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Soc Psychiatry Psychiatr Epidemiol. 2014 Dec;49(12):2003-11. doi: 10.1007/s00127-014-0878-0. Epub 2014 May 3.

Personality disorders are important risk factors for disability pensioning.

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Department of Mental Health, Norwegian Institute of Public Health, Nydalen, Box 4404, 0403, Oslo, Norway,



To determine whether personality disorders (PDs) are associated with increased risk of disability pensioning in young adults, independent of other common mental disorders.


2,770 young adults from the general population were assessed for PDs by the Structured Interview for DSM-IV Personality, and for common mental disorders by the Composite of International Diagnostic Interview. These data were linked to the Norwegian National Insurance Administration's recordings of disability benefits for a 10-year period. Logistic regression analyses were applied to investigate the association between PDs and disability pensioning. The analyses were conducted for three types of PD measures: categorical diagnoses (any PD), dimensional scores of individual PDs and higher order components retrieved by principal component analyses.


Having any PD was strongly associated with disability pensioning, regardless of disability diagnosis. The estimated odds ratio (OR) was substantially higher for PDs [OR 4.69 (95% confidence interval (CI) 2.6-8.5)] than for mood disorders [OR 1.3 (CI 0.7-2.3)] and anxiety disorders [OR 2.3 (CI 1.3-4.3)]. Measured dimensionally, all PD traits except antisocial traits were significantly associated with disability pensioning. After adjusting for co-occurring traits of other PDs, only schizoid, dependent and borderline PD traits showed a significant positive association with disability pension, while antisocial traits showed a significant negative association. The principal component analyses showed that negative affectivity, psychoticism, and detachment was associated with an increased risk of disability pensioning, while antagonism/disinhibition and obsessivity were not.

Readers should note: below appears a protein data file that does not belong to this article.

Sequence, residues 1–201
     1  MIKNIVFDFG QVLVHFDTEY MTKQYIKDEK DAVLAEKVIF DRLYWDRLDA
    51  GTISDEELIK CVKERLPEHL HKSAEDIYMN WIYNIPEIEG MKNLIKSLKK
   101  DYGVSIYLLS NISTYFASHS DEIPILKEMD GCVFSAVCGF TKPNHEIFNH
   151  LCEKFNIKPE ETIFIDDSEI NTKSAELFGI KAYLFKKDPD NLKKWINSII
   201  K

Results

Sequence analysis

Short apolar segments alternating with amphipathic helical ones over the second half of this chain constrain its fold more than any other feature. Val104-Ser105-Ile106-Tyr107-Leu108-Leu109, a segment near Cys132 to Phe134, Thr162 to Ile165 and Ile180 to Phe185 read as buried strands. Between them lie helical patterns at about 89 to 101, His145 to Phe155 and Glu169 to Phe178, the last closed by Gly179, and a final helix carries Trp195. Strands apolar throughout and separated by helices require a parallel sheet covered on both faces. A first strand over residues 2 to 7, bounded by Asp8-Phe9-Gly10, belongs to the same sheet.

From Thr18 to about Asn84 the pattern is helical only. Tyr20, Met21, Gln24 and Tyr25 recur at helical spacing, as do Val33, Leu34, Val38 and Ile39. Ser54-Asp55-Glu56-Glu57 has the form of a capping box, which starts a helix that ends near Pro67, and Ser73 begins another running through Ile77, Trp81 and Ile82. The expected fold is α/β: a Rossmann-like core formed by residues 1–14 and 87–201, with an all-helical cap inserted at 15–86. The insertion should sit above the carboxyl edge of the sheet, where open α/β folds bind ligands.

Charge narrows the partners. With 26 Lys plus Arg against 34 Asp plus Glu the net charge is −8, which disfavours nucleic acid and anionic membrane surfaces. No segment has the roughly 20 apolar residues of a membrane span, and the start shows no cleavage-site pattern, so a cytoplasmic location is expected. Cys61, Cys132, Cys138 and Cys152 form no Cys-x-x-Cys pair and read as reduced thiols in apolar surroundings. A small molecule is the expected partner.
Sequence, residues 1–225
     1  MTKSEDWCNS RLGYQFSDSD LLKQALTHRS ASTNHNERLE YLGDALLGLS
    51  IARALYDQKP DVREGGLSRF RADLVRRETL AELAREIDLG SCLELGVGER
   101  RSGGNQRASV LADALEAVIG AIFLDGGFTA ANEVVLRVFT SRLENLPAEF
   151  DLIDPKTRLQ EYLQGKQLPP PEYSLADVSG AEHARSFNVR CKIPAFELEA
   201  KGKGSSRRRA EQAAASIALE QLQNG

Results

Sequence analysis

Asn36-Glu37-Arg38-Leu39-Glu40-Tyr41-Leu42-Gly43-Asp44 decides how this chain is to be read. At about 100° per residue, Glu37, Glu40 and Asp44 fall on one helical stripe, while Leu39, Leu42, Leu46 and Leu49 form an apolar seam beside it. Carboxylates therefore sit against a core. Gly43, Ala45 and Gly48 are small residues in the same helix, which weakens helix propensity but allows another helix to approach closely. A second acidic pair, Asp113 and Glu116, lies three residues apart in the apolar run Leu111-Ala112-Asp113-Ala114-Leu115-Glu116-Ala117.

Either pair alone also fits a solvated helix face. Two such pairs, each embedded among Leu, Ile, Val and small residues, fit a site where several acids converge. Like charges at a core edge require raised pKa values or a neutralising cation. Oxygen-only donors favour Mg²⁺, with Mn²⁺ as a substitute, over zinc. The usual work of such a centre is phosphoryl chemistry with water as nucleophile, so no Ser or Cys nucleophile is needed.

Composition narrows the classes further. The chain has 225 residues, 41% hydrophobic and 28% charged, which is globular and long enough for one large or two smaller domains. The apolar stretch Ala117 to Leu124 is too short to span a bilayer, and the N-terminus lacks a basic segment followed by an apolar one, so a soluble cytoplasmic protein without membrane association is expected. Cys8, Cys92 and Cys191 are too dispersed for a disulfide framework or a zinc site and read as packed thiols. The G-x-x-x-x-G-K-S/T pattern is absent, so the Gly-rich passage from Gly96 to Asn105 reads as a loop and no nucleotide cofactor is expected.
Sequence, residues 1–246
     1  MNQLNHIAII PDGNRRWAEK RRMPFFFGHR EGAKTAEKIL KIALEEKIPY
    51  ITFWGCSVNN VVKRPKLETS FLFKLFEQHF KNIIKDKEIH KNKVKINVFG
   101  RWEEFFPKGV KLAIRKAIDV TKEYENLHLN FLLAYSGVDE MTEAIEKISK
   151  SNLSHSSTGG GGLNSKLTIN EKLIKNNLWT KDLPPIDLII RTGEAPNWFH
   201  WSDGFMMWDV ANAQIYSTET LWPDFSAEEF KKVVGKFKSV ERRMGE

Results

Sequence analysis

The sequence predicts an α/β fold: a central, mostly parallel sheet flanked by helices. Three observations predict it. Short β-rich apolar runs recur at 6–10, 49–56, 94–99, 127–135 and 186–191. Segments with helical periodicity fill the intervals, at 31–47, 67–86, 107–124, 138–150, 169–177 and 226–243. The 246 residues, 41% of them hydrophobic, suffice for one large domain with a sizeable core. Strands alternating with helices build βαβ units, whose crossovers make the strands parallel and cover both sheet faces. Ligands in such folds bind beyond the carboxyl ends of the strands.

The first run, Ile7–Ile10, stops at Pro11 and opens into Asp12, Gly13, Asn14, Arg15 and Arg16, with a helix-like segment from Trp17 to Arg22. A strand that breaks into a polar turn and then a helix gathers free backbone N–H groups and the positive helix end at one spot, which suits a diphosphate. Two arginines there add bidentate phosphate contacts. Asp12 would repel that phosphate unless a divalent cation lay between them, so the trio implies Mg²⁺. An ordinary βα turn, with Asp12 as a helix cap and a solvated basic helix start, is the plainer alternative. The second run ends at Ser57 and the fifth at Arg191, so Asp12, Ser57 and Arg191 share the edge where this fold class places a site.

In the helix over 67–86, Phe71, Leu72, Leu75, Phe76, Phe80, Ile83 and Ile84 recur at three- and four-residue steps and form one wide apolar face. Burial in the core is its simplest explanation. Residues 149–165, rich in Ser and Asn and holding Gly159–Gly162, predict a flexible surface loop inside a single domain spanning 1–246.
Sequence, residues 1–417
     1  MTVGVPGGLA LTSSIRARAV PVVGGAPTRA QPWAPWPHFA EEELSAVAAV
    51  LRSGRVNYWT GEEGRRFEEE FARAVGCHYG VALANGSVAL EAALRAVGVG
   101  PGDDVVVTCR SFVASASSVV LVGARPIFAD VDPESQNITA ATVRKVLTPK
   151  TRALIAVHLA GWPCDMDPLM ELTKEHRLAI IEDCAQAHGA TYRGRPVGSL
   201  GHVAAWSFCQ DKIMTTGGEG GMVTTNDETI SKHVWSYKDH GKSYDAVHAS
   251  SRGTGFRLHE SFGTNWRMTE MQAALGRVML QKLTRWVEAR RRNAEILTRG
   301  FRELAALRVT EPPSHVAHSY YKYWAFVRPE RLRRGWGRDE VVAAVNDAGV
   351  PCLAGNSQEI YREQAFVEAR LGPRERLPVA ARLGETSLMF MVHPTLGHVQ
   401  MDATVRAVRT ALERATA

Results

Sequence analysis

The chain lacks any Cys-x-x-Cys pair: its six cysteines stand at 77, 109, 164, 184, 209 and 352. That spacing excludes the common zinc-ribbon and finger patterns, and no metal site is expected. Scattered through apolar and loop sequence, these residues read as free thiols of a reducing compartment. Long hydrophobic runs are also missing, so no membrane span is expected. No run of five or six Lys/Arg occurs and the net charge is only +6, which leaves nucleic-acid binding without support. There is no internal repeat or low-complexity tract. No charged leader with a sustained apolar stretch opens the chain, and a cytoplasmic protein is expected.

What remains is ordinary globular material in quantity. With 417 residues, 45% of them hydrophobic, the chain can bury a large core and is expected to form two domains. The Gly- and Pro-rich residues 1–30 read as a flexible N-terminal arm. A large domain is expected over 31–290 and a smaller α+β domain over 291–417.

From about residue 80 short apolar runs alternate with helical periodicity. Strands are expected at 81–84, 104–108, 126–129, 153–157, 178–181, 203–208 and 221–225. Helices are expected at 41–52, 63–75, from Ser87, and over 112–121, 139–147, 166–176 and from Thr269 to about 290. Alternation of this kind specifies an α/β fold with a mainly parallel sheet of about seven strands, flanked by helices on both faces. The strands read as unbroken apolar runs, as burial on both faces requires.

PDs are strongly associated with disability pensioning in young adults, and might be more important predictors of work disability than anxiety and depressive disorders. Certain aspects of pathologic personalities are particularly important predictors of disability.

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